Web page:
Trio of local veteran artists on display at Edgewood Gallery

One of John Fitzsimmmons' oil paintings from his treetop series and small scale nature specimen paintings. (Provided)

Edgewood Gallery’s A Touch of Light exhibit focuses on creations from three veteran artists: John Fitzsimmons’ paintings, Carmel Nicoletti’s art glass and Dana Stenson’s jewelry. The show not only connects with current projects but also highlights variations in the local trio’s works.

Many of Fitzsimmons’ pieces come from his “Treetop Series,” a group of oils that he began 14 years ago and returns to periodically. These paintings reflect a non-figurative approach. “Sea of Green” is large, vibrant, and full of green color that dominates the canvas. Similarly, explosive red and gold colors rule “When I Look to The East”; indeed, they envelop any trace of trees.

Those works clearly aren’t part of a pattern. Also on display is “Untitled II,” with more subdued colors, and “My Spirit Is Crying,” which features frail branches and trees battered by wind, conveying a sense of turbulence. And “Lies on The Whispering Wind” utilizes orange and gold hues.

The show also presents a series of small oils, nature studies depicting a variety of subjects. They range from the droopy leaf seen in “Nature Study XXIII” to the leafy outline of “Nature Study XVIII” and the skeleton portrayed in a third piece. These works further an appetite for painting various subjects. The “Treetop Series” is just one of several ongoing projects for Fitzsimmons; he also does landscapes and portraits.

Nicoletti, meanwhile, showcases bowls and small plates. The bowls, in particular, emphasize a penchant for playing with patterns and color. She has decorated one piece with wavy colors and a mix of hues. In another, pink and black colors coexist. A third bowl, a very pretty work, is covered mostly by shades of purple. And yet another bowl merges touches of blue and dots.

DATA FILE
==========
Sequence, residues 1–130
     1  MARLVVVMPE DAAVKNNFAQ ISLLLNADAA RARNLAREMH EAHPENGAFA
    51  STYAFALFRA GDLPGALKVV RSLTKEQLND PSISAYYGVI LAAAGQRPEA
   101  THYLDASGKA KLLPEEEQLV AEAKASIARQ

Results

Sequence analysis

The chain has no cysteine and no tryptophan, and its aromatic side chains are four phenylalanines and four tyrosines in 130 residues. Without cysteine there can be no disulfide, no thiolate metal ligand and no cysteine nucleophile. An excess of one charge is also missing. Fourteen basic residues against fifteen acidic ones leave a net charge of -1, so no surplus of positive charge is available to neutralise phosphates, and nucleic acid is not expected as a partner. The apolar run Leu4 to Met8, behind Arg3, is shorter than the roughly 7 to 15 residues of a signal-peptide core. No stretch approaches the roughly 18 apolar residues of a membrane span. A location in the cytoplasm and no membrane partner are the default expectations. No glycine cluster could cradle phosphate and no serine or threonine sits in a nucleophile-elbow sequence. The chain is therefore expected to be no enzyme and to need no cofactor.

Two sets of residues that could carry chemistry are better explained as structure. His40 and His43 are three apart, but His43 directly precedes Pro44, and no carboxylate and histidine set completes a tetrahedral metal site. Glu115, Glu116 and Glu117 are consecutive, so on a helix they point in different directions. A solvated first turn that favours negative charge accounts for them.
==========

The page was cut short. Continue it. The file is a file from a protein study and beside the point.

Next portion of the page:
There are other variations in the artworks, such as using stripes of color side by side or split apart, and a nice integration of eight tiny lines for one piece. The bowls reflect technical proficiency, an ability to communicate an illusion of motion, being comfortable working with various elements.

Finally, Stenson’s pieces include bracelets, necklaces and broaches, as well as a jewel box topped by a mandala pattern. Several works incorporate images from nature; that’s clearly not a new motif for the artist, who does stone and metalsmith jewelry. In the past, she created a distinctive piece depicting a cicada and a work entitled “Forest Floor.”

A Touch of Light deals with the possibility that a viewer might have little or no familiarity with a particular local artist, yet the selection of pieces is extensive enough for a first-time viewer to get a sense of the work. And the show doesn’t consider the artists solely in isolation. It traces some connections between them.

The exhibit is on display through Nov. 16 at Edgewood Gallery, 216 Tecumseh Road. The venue is open Tuesdays through Fridays, 9:30 a.m. to 6:30 p.m., and Saturdays, 10 a.m. to 2 p.m. For information, call (315) 445-8111. SNt

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